Iran and the Taliban Are Working Together against the U.S.

A few weeks ago, both Iranian and Taliban officials acknowledged publicly, for the first time, that the two were engaged in talks, and the Iranian foreign minister spoke of the importance of giving the jihadist group a role in governing Afghanistan. These statements, writes Aaron Kliegman, confirm what has long been known:

Iran and the Taliban had a relationship before 9/11 that included arms sales, even as both sides were bitter rivals. Since 9/11, however, Tehran has helped the Taliban in numerous ways, especially in recent years. . . . Iran is using its own military academies to provide hundreds of Taliban fighters with advanced training. . . . Moreover, some high-ranking Taliban leaders even live in Iran.

Iran continues this support while maintaining ties with Kabul, hedging its bets to position itself well for various outcomes inside Afghanistan.

There are many reasons the Islamic Republic supports the Taliban, such as, among others, fighting Islamic State, issues concerning water, and the fact that Afghanistan borders Iran and can pose a threat if unstable. But the most important reason for Washington is that both Iran and the Taliban share an interest in forcing the Americans to leave Afghanistan. Iran is very concerned about American bases in Afghanistan and uses Afghanistan as a way to exert pressure on Washington as needed. If the U.S. wants the war in Afghanistan to end in a peaceful way, it must counter Iran’s support to the Taliban—support that perpetuates the conflict.

Analysts and commentators have made several valid arguments about why an American withdrawal from Afghanistan, even a partial one, would carry serious costs. [One] reason less often discussed is that an American retreat—which is the right word to use—would be a victory for Iran.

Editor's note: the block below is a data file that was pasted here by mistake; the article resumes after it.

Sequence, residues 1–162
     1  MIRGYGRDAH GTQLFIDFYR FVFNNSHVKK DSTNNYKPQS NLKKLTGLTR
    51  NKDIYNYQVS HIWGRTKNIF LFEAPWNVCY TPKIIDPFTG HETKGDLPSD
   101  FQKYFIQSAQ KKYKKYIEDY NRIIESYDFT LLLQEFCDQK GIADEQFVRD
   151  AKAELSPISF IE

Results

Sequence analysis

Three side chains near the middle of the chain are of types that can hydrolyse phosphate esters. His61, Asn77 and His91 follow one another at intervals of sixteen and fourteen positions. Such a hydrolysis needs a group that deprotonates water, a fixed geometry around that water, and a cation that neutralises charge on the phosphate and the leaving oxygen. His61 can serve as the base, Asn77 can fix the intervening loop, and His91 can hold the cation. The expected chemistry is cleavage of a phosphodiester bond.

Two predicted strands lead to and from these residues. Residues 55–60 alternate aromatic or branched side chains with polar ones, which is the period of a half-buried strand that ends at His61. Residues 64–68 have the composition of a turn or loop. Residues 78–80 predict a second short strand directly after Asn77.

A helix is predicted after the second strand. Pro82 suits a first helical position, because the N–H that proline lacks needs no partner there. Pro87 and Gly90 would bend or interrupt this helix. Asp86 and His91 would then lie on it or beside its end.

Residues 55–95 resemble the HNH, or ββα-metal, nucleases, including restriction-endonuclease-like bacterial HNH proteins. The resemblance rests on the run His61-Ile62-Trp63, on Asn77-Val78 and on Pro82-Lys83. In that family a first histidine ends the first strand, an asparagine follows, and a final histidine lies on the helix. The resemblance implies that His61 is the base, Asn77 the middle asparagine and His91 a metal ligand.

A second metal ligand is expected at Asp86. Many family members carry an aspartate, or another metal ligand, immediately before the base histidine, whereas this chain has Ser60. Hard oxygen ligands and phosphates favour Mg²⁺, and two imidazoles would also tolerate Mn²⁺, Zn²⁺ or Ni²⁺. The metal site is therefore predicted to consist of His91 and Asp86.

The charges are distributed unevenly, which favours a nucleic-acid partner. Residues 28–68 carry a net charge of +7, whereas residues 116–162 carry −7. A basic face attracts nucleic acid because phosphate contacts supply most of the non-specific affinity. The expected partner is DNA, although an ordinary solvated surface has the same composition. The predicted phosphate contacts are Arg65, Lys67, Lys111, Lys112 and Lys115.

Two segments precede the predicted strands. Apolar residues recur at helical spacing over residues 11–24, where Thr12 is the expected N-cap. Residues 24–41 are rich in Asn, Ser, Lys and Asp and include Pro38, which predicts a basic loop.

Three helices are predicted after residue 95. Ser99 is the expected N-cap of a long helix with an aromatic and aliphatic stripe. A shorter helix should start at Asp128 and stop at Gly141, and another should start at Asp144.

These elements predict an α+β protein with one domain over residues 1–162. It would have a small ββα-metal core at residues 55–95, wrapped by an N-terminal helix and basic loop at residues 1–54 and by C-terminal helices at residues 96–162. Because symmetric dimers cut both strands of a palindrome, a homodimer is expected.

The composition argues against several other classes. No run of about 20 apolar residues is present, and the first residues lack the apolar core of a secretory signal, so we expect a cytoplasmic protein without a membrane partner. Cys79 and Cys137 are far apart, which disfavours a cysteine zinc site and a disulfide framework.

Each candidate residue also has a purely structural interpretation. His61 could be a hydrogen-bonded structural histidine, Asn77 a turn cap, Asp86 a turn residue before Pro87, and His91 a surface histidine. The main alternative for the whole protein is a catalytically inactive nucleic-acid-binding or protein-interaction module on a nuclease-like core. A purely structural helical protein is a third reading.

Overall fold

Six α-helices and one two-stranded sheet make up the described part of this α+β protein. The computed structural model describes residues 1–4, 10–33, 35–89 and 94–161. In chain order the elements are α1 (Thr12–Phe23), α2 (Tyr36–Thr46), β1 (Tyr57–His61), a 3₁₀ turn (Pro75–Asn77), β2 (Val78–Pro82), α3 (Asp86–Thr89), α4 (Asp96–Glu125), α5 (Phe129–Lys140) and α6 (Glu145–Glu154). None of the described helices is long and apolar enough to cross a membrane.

Read more at Washington Free Beacon

More about: Afghanistan, Iran, Politics & Current Affairs, Taliban, U.S. Foreign policy

Recognizing a Palestinian State Won’t Help Palestinians, or Even Make Palestinian Statehood More Likely

While Shira Efron and Michael Koplow are more sanguine about the possibility of a two-state solution to the Israel-Palestinian conflict, and more critical of Israel’s policies in the West Bank, than I am, I found much worth considering in their recent article on the condition of the Palestinian Authority (PA). Particularly perceptive are their comments on the drive to grant diplomatic recognition to a fictive Palestinian state, a step taken by nine countries in the past few months, and almost as many in total as recognize Israel.

Efron and Koplow argue that this move isn’t a mere empty gesture, but one that would actually make things worse, while providing “no tangible benefits for Palestinians.”

In areas under its direct control—Areas A and B of the West Bank, comprising 40 percent of the territory—the PA struggles severely to provide services, livelihoods, and dignity to inhabitants. This is only partly due to its budgetary woes; it has also never established a properly functioning West Bank economy. President Mahmoud Abbas, who will turn ninety next year, administers the PA almost exclusively by executive decrees, with little transparency or oversight. Security is a particular problem, as militants from different factions now openly defy the underfunded and undermotivated PA security forces in cities such as Jenin, Nablus, and Tulkarm.

Turning the Palestinian Authority (PA) from a transitional authority into a permanent state with the stroke of a pen will not make [its] litany of problems go away. The risk that the state of Palestine would become a failed state is very real given the PA’s dysfunctional, insolvent status and its dearth of public legitimacy. Further declines in its ability to provide social services and maintain law and order could yield a situation in which warlords and gangs become de-facto rulers in some areas of the West Bank.

Otherwise, any steps toward realizing two states will be fanciful, built atop a crumbling foundation—and likely to help turn the West Bank into a third front in the current war.

Read more at Foreign Affairs

More about: Palestinian Authority, Palestinian statehood